• Liyla Chanesar this story too belongs soomra period .
  • Sorath Rai Deyaj, this story date back to soomra period,
  • Daman Sonaro this is semi romanotic belongs to that time when Soommra government was in Lar.[10]

Epic poetryEdit

When Soommra and Gujar fought from 1150-1250, many poets composed Gah over that battles. Dodo and Chanesar war was another chapter which was composed by Sindhi poets.

Religious poetryEdit

In the Soomra time when different Islamic sect missionary arrived in Sindh to preach the Islam in the wake first Suharwardi , Qadari then Isailmi Shia Leaders started preaching in Sindh. Most popular Isailmi sect Ginan poetry played pivotal role in Sindhi literature, first of all in 1079 , Syed Noor Deen Ismaili Imam arrived in Sindh, he used to preach in Local language, then Shamas Sabzwari Multani came n Sindh his Ginan too present in Sindhi language, But most popular Ginan belongs to Pir Shahab u deen and his son Pir Sadar u Deen (1290-1409), they set up 40 letters Sindhi language alphabet, which was called Khawajqi Sindhi, Ginan was religious poetry, in which morals lesson were taught,[11]

Literature TechnicsEdit

  • Gahi ( ڳاھِ), This is the early form of Sindhi beet . Gahi is type evental and descriptive beet.this word derived from Gahe (ڳاءِ).
  • Epic poetry, (Razmia poetry) this type of poetry widely representx the battle and its history, warriors and their memory.
  • Romantic poetry, it's another type of Sindhi language poetry in which romance love stories have been represented.
  • Semi romanotic poetry, it like also romantic poetry,
  • Ginan , it's religious type of poetry first propagandized by Ismailis Shia religious missionary, and this further moved and gave shaped to Beet.
  • Madih ( مدح), is type of poetry in which any Famous religious personalities goodness mentioned, the first Madih poet of Sindhi language was Juman Charan.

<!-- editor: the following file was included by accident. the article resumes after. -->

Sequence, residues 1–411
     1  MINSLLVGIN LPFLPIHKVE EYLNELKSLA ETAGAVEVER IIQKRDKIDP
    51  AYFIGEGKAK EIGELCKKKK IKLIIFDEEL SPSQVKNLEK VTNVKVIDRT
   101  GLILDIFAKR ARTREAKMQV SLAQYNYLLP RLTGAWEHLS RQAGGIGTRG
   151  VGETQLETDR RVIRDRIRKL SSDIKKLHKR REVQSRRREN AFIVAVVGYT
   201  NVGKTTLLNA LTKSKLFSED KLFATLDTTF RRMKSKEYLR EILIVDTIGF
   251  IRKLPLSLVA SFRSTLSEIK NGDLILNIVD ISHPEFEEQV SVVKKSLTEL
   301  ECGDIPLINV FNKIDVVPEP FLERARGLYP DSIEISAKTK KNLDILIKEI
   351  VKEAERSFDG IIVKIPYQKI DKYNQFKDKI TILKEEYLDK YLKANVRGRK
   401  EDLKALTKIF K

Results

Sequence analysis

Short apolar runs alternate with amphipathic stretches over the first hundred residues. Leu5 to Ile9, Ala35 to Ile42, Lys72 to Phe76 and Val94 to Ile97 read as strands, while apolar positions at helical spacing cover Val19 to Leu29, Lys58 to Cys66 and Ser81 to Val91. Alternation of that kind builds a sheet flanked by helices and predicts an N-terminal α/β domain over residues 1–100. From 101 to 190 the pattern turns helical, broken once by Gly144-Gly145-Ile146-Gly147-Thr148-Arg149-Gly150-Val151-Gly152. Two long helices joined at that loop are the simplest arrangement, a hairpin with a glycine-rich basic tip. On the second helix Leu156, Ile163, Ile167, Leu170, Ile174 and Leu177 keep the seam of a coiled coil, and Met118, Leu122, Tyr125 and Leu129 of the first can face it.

• Religion poetry, in this poetry Islamic principles are mentioned and composed by various Sindhi poets.
  • Geech ( ڳيچ)
  • Evental verses ( واقعاتي بيت)

Overview of Soomra PeriodEdit

  • this period's romantic stories became part of others poets like Sachal Sermast and Shah Abdul Latif Bhittai.
  • History of Sindh had written on the base of poverty of this period.
  • In this period 40 letters Sindhi language alphabet was set up which was called Khwujki Sindhi.
  • Ismailis Diyan laid down Ginan in Sindhi language.
  • Prose type poetry started.
  • Different types poetry Technics came into being.
  • In this period poetry was sung in beet type Gah.
  • In this period hejh goya(such poverty in which bad things are mentioned) type poetry too present.
  • Because of this period Sindhi literature widened.
  • This period is also called the Bhaten and Bhanan period.
  • This is also called the classical and romantic period.
  • In this period epic poetry too present.
  • This period poverty reflects the Social life of that time.

PoetsEdit

Epic storiesEdit

  • Dodo Chaniser
  • Morero Meharbar
  • Jam Hali and Hameer Soomro war
  • Soomra and Gujar wars

Samma Period 1350-1520Edit

Samma were allied of Soomra, but with the passage of time, the final Soomra ruler Hameer was defeated by Samma ruler Jam Unar. And they became the Ruler of Thatta. Even though this period is considered the constructive period of sindhi literature, in this period Persian remained official language and Arabic as a religious language, this period resembled to Soomra but language's vocabulary enhanced as well as power of expression.the borders of Sindh reached Multan , Bhawalwapur, Pasni, Khatiyawar, Makran, Sibi, Kuch, Kalat too. Thatta became the center of knowledge and more than 5000 religious seminaries present in Thatta.

Romantic storiesEdit

Religion PoertyEdit